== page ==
NICABM-InfoG-window-of-tolerance-revised

 

Working safely with clients who have experienced trauma: staying in the window of tolerance. How Trauma Can Affect Your Window of Tolerance

Courtesy NICABM National Institute for the Clinical Application of Behavioral Medicine

https://www.nicabm.com/trauma-how-to-help-your-clients-understand-their-window-of-tolerance/

When Working with Clients who have Experienced Trauma

One of the most powerful things we can do as a therapist is to take care of ourselves and ensure that we have the resources to remain present, no matter what comes up. When we are experienced and present we are attentive with a global awareness, listening beyond our hands, in all directions and without judgement, or internal commentary, and simply resting in your awareness of the moment.[5] Can you recall a time when you have been aware of the warmth of the sun’s rays on your skin, and felt alive to the sensations without thinking about what you’re experiencing, simply being, and relaxing into the sensations, and the moment? This is the feeling of presence. 

When we are able to be present, and meet our own emotions with ease and comfort, we create a space where it is possible for our clients to do the same. Studies suggest mirror neurons in the brain help us empathize with one another, and we can also pick up on one another’s emotions – like when we yawn in response to someone else yawning.[3,6] As therapists the more present we are, the more our clients’ mirror neurons will respond to create a resonance that helps them move towards relaxation and away from the stress response associated with trauma. The more present we can be, the less likely we are as therapists to be affected by our clients’ emotions.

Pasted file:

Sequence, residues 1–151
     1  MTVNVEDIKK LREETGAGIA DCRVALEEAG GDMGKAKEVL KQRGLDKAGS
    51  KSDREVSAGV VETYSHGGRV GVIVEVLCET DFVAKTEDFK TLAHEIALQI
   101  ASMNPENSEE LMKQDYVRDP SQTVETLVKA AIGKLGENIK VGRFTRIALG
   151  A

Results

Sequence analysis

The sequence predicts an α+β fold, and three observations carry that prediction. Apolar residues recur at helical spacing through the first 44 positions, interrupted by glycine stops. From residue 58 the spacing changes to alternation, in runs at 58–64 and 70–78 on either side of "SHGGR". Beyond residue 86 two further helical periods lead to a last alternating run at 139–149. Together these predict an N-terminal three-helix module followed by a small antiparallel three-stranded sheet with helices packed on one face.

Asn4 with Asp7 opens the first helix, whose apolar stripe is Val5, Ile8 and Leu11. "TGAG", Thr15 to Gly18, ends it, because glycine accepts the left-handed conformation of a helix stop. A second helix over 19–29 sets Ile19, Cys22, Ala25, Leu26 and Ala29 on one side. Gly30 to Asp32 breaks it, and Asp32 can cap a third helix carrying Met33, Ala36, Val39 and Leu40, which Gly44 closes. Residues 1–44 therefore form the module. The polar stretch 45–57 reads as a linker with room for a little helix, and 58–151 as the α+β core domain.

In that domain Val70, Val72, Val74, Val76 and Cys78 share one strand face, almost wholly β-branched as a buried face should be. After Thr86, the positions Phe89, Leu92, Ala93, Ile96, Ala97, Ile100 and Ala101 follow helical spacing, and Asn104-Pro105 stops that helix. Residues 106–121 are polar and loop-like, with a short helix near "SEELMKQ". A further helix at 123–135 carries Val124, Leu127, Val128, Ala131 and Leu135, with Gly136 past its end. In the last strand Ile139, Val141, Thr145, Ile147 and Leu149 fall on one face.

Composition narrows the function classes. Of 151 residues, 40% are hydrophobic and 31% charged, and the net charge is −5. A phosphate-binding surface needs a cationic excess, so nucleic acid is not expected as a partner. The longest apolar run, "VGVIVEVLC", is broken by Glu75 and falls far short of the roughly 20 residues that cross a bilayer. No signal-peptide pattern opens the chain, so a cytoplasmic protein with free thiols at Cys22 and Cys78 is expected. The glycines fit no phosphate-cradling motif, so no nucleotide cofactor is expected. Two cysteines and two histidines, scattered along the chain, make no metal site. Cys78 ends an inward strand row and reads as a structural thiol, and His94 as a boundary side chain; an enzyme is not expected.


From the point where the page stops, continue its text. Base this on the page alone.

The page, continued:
The Therapeutic Alliance – Working Together

Never underestimate the power of a good relationship where two people can work well together. Research in psychotherapy has shown that the most important aspect of any therapy is the relationship between the therapist and client rather than any specific technique that is used.[7] This is so important when working with clients who are receiving bodywork, and especially when the client has experienced trauma. Empathy, warmth, and behaving with integrity and authenticity, along with maintaining healthy boundaries are vital for us to feel that we are welcome and safe. When we create this atmosphere, communicate clearly, and maintain clear boundaries we build trust and an environment where our clients have the opportunity to learn to relax and be with their experience.

Quality of Touch

As bodywork therapists the primary way in which we communicate is through touch. The way in which we first contact our clients has the potential to set the tone for the entire session and is a way to begin to establish trust. Equally important is how we break contact ensuring that the client has time to register and recognize what is happening. Witnessing shifts in breathing patterns and subtle responses throughout the whole body are essential during treatment. The treatment can become like a dance where we listen through our whole being, attuning to what is happening for the client, adjusting our awareness and touch to respond to the moment. This invites your client to reacquaint themselves with their own body, find the boundaries of their skin, and relearn where their body is in space. It’s not uncommon for the right quality of touch in the right place to result in emotional releases, and when your client is comfortable with expressing emotion, he/she could be invited to make any expressive sounds, such as sighs or groans, to deepen the breath and the release. Gentle movement, especially when coordinated with the breath, can also aid in deepening the release so that your client can begin to feel at home in their own skin again.

Self-Regulation - Finding the Brakes